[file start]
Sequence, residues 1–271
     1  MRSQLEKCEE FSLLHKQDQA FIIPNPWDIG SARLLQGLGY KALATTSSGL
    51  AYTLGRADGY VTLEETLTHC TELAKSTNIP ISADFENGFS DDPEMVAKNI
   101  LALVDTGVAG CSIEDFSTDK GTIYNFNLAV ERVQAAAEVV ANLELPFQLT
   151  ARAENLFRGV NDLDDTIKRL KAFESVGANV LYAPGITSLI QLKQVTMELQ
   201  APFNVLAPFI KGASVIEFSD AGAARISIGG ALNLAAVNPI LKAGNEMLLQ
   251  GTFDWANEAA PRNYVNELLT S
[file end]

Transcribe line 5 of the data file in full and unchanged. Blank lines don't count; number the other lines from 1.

   151  ARAENLFRGV NDLDDTIKRL KAFESVGANV LYAPGITSLI QLKQVTMELQ